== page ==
1. Response to Ad Standards’ inquiries
1.1 Please see below our responses to your specific questions, followed by our submissions in response to the issues raised in the complaints:
(a) The Advertisement was filmed under controlled, closed road conditions. All vehicles were driven safely and in a controlled manner at all times.

  1. (b)  All vehicles were driven within legal speed limits at all times.
  2. (c)  No special permissions or permits were required to undertake filming of any

driving sequences depicted in the Advertisement.
(d) The Advertisement has been broadcast on free to air television across all metropolitan markets across Australia excluding Brisbane, as well as all regional markets (excluding Queensland).
(e) In addition to being broadcast on television, the Advertisement is running as a pre-roll video on Catch Up TV platforms/YouTube.
(f) The Advertisement does not depict any motor sport, simulated motor sport or vehicle testing or proving.
(g) In respect of the Suzuki Vitara 4×4 vehicle (which is the only vehicle shown in an off-road setting):
(i) the vehicle conforms to the requirements of the definition of an off road vehicle as provided in the Australian Design Rules (MC category). In addition to having all- wheel drive, the vehicle has hill descent control, a feature only required for off road driving.

  1. (ii)  the maximum number of seating positions is four.
  2. (iii)  the vehicle has four-wheel drive capability.

2. Submissions in response to complaints
2.1 The complaint alleges that the Advertisement:
(a) depicts a car “careering through water and mud, and mindlessly circling a suburban roundabout”; and
(b) suggests “in some obscure way [that] responsible driving is not fun”.
2.2 Ad Standards has identified clauses 2(a) and 2(e) of the FCAI Motor Vehicles Advertising Code (the FCAI Code) as potentially relevant provisions.
(a) Clause 2(a) of the FCAI Code provides that Advertisers should ensure that advertisements for motor vehicles do not portray “unsafe driving, including reckless and menacing driving that would breach any Commonwealth law or the law of any State or Territory in the relevant jurisdiction in which the advertisement is published or broadcast dealing with road safety or traffic regulation, if such driving were to occur on a road or road-related area, regardless of whether the driving is depicted in the advertisement.”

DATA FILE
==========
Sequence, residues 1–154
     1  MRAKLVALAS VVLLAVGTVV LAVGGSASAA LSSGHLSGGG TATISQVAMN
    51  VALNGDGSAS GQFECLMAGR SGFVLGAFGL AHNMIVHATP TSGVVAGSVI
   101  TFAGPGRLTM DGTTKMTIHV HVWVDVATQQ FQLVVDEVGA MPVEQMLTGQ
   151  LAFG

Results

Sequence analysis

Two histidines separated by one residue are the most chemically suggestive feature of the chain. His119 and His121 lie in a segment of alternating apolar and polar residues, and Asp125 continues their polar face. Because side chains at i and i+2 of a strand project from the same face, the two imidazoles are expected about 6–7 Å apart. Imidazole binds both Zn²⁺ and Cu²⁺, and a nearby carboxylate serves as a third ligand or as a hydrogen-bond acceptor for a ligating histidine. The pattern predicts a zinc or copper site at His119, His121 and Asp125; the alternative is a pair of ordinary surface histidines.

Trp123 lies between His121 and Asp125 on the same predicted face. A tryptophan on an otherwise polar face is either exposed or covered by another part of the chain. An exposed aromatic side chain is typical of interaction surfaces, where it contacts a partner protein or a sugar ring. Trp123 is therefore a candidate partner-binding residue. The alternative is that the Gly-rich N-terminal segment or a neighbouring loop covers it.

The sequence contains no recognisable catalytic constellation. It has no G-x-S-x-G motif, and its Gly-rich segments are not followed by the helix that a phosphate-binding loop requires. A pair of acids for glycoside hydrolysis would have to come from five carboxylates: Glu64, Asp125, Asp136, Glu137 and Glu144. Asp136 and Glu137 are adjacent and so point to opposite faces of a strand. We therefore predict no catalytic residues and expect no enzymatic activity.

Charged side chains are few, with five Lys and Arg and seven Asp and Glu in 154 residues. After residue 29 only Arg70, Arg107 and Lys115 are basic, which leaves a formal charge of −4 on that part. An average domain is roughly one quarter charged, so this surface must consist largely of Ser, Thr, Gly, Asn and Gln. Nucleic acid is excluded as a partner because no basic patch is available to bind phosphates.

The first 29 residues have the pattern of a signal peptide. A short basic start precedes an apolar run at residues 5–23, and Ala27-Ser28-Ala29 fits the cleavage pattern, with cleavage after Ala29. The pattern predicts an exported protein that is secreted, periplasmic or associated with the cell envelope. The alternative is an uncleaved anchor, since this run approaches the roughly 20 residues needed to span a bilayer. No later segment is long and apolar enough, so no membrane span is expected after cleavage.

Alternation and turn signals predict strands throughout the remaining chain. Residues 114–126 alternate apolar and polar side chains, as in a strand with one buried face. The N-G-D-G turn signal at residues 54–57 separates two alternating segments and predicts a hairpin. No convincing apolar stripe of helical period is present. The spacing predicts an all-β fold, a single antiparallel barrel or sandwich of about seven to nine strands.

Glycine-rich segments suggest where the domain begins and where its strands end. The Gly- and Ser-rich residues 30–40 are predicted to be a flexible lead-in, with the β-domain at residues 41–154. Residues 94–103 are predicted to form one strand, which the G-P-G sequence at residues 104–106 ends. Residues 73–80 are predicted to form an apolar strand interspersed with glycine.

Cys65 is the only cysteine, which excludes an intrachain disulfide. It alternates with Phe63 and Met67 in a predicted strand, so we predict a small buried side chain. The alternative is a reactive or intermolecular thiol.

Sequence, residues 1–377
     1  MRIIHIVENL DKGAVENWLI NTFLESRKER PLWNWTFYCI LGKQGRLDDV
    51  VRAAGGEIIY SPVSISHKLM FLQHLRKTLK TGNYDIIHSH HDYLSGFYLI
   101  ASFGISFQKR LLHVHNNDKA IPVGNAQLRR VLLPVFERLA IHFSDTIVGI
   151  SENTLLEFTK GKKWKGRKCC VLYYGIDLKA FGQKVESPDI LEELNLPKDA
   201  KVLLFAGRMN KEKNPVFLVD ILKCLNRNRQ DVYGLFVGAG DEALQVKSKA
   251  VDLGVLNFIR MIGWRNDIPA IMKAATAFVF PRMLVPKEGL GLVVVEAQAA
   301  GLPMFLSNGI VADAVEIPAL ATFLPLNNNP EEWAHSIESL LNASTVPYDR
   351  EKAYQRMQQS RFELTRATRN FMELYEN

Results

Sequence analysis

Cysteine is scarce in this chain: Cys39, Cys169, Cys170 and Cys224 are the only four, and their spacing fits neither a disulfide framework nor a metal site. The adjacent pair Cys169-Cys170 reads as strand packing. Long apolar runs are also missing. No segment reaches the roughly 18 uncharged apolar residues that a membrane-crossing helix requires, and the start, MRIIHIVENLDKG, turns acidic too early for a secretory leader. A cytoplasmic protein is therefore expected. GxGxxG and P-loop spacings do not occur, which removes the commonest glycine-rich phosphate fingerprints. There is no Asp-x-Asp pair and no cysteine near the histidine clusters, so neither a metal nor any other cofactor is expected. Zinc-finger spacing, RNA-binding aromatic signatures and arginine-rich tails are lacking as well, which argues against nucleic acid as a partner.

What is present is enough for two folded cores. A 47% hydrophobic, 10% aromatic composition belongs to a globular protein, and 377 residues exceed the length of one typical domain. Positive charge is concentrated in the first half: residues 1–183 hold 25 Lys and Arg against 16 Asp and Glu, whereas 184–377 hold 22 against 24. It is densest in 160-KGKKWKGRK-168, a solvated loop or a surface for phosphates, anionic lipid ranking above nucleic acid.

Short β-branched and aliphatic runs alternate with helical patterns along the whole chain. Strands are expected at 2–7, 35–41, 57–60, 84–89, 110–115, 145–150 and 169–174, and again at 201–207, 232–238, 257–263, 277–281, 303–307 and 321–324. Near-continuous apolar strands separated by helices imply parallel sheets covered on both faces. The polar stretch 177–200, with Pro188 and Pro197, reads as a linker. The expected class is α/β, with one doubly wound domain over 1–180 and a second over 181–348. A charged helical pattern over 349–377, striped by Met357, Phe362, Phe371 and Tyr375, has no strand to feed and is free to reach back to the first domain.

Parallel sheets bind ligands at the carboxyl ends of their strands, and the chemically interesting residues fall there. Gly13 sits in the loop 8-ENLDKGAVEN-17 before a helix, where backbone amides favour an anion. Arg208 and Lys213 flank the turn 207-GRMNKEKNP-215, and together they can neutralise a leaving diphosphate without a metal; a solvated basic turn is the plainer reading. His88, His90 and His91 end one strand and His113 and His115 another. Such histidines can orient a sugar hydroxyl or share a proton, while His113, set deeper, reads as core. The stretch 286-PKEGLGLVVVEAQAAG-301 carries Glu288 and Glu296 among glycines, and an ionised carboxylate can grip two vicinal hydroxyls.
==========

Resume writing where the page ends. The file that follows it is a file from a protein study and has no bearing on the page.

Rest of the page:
(b) Clause 2(e) of the FCAI Code provides that Advertisers should ensure that advertisements for motor vehicles do not portray “deliberate and significant environmental damage, particularly in advertising for off-road vehicles”.
Submissions concerning Clause 2(a) – unsafe driving
2.3 The FCAI Code includes, as examples of what would likely contravene clause 2(a), “vehicles travelling at excessive speed, sudden, extreme and unnecessary changes in direction and speed of a motor vehicle, deliberately and unnecessarily

setting motor vehicles on a collision course, or the apparent and deliberate loss of control of a moving motor vehicle.”
2.4 Suzuki submits that the Advertisement does not portray unsafe, reckless or menacing driving that would breach any applicable laws or regulations dealing with road safety or traffic regulation. In particular, we note:

(a) all vehicles were driven within the legal speed limit at all times during filming and in accordance with applicable road rules.
(b) The “off road” scenes depict a Suzuki Vitara 4×4, a vehicle designed for the purpose of driving off-road, travelling through muddy terrain in the outback. There are no other cars, traffic, pedestrians or people featured in the off road scenes. These scenes were filmed within applicable speed limits in order to highlight the off road capability of the vehicle. The final scene of the 30s version shows an aerial shot of the Suzuki Vitara 4×4 driving in a large semi-circle. Again, this is shown in a controlled manner within applicable speed limits.

(c) The Advertisement uses music and visual effects to create a sense of fun and enjoyment, but does not depict spin outs, burn outs, speeding or any other form of reckless driving. There is no screeching of tyres, long drifting periods or other effects to suggest that any of the vehicles are being driven unsafely, recklessly or in a menacing manner.

(d) The Advertisement includes an aerial scene of a Suzuki vehicle being driven around a suburban roundabout. The vehicle is being driven within applicable speed limits and in accordance with applicable road rules. No other vehicles or pedestrians are shown in that scene.

2.5 The Advertisement uses music and the tagline “For Fun Sake” to convey a sense of fun and enjoyment, but there is nothing in the Advertisement to suggest that any of the vehicles should be used in an unsafe, reckless or menacing manner, or that responsible driving is not “fun” as alleged by the complainant.

2.6 For the reasons outlined above, we submit that the Advertisement does not portray any material in contravention of clause 2(a) of the FCAI Code. For completeness, we note the complainant has highlighted the use of an on screen statement that reads “filmed under safe and controlled conditions” and suggests that this is a contravention of the FCAI Code. In this regard, we note:

(a) the use of an on screen statement to convey to consumers that off road driving scenes are filmed in safe and controlled conditions is not, of itself, a breach of the FCAI Code.